In this multi-center study of patients with high-risk myelodysplastic syndromes (MDS) or secondary AML (sAML), undergoing HCT was associated with better long-term overall survival compared to receiving azacitidine (AZA) therapy. In this retrospective balanced-cohort study, 103 patients with high-risk MDS/sAML who underwent HCT were compared to 75 MDS patients receiving AZA. All patients were between 60-70 years old. A multivariate analysis revealed three factors significantly associated with greater overall survival: cytogenetics (good vs. intermediate vs. poor; hazard ratio [HR], 1.2/1.7; p=0.026), ECOG score (0 vs. 1 vs. 2; HR, 2.9/3.9; p<0.001), and treatment (HCT vs. AZA; HR, 0.3; p=0.007).
A multi-center study of 248 adults (median age 52 years, range 18-72) undergoing reduced-intensity HCT for non-Hodgkin lymphoma (NHL) using unrelated (n=222) and related (n=26) donors. Outcomes were reported to the CIBMTR (Center for International Blood and Marrow Transplant Research). Grade II-IV acute GVHD at 100 days was 43%, and chronic GVHD at three years was 44%. Overall and progression-free survival at three-years post HCT were 41% and 32%, respectively. In a multivariate analysis, use of antithymocyte globulin and HLA mismatch were associated with increased transplant-related mortality.
Donor-recipient sex combination more important than donor type for AML in CR1
A retrospective, multi-center study of 605 patients with intermediate-risk acute myeloid leukemia (AML) in first complete remission (CR1) has found that males may have better transplant outcomes using a male matched unrelated donor rather than a female matched related donor. In this study, four-year overall survival (OS) was 65% for matched related HCT and 68% for matched unrelated donor HCT (p=0.50). In unrelated donor HCT with sex combinations other than female donor/male recipient, four-year OS was significantly higher compared to matched related HCT from female donors to male recipients: 72% vs. 55%; p=0.04. The authors conclude the donor-recipient sex combination may be more important than the donor type in donor selection in this patient population.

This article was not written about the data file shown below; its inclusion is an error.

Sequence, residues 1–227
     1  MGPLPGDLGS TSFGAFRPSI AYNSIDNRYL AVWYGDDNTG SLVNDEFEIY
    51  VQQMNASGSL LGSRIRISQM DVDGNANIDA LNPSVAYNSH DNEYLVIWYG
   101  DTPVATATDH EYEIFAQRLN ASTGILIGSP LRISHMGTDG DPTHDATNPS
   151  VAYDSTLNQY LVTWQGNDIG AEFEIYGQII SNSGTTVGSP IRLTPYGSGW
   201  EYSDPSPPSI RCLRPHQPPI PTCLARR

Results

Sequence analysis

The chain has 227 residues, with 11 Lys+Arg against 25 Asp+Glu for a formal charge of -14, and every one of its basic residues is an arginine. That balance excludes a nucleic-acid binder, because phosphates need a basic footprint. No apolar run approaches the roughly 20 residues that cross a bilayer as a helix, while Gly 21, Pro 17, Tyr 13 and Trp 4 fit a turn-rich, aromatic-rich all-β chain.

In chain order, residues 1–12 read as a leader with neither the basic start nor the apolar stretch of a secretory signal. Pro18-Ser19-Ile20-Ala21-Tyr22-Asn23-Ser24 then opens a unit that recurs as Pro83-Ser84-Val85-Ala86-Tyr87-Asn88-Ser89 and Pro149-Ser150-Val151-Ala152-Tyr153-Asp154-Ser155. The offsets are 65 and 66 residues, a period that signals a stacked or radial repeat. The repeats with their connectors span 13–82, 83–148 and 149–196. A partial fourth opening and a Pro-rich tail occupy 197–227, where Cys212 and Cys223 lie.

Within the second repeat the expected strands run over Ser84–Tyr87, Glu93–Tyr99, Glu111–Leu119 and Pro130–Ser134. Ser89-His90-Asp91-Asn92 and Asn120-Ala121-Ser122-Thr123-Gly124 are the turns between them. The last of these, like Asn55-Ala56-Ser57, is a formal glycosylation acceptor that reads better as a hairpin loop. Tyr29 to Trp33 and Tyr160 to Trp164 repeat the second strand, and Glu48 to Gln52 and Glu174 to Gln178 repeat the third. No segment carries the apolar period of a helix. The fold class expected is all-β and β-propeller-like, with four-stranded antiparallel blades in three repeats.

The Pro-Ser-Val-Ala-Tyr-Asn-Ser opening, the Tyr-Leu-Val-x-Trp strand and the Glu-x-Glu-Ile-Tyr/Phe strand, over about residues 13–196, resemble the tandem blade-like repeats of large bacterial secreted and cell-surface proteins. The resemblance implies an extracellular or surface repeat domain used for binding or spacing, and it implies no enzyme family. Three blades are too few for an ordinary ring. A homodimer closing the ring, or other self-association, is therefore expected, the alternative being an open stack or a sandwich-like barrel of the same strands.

A single-center, retrospective study of 210 pediatric (<13 years) bone marrow donors, examining procedures of donor eligibility and immediate post-donation effects. The researchers also prospectively studied a cohort of childhood donors on long-term health and quality-of-life factors. Of 197 donors with analyzable data, 13 (6.6%) had existing medical conditions possibly affecting the safety of the donation. Only 24 donors had documented follow-up within 100 days of donation. The authors conclude that there is a need for “independent medical assessment of child donors, especially in children with preexisting medical conditions to avoid peri-donation events.”
The recommendations on the diagnosis and management of acute GVHD outlined in this position paper reflect the consensus opinion of HCT experts from two British professional organizations. The recommendations include GVHD grading criteria, specific recommendations based on severity of disease and organ(s) involved, primary treatment options, and second- and third-line treatment options for patients with steroid-refractory disease.
Special Edition Newsletter Highlights CIBMTR Research
In celebration of the 40th anniversary of CIBMTR (Center for International Blood and Marrow Transplant Research), the NMDP has released a special edition of its Advances in Transplantation newsletter. This edition highlights the tremendous impact of CIBMTR research, and features 12 of the more than 700 publications from CIBMTR. View newsletter (PDF) »
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